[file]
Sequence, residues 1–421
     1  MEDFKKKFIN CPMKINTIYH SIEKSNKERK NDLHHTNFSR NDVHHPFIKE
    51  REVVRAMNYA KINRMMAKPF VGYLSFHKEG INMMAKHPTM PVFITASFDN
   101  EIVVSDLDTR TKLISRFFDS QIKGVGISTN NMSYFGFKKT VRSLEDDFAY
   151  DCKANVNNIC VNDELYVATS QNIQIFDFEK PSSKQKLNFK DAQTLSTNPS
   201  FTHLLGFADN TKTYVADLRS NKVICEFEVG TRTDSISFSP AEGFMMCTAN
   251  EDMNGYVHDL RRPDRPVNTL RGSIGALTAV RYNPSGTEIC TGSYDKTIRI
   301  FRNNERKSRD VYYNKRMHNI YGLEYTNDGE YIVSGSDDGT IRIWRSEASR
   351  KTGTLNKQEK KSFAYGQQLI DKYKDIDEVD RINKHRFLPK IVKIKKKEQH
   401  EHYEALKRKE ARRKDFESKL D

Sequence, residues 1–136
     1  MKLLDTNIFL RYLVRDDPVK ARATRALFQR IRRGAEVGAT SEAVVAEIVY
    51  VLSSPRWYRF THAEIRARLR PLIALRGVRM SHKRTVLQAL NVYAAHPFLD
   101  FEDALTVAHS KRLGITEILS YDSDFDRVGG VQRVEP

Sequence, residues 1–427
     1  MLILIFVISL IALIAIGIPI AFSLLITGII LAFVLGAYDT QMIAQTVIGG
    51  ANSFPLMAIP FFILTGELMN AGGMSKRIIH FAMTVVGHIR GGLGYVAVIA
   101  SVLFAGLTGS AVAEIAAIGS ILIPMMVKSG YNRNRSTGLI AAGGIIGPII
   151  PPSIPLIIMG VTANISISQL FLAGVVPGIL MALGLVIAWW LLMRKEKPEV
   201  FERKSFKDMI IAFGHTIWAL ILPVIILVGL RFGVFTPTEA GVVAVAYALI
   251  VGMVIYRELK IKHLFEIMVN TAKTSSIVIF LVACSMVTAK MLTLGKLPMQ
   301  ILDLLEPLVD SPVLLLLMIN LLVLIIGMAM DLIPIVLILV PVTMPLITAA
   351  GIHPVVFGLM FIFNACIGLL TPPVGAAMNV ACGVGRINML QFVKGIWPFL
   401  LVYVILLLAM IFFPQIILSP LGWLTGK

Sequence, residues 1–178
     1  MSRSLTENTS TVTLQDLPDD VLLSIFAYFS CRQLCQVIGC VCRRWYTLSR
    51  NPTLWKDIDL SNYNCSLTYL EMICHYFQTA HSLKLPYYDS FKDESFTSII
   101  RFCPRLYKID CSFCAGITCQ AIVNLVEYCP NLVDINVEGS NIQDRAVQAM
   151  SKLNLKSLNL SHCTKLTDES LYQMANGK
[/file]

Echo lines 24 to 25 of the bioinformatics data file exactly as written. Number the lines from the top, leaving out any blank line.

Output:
   401  LVYVILLLAM IFFPQIILSP LGWLTGK

Sequence, residues 1–178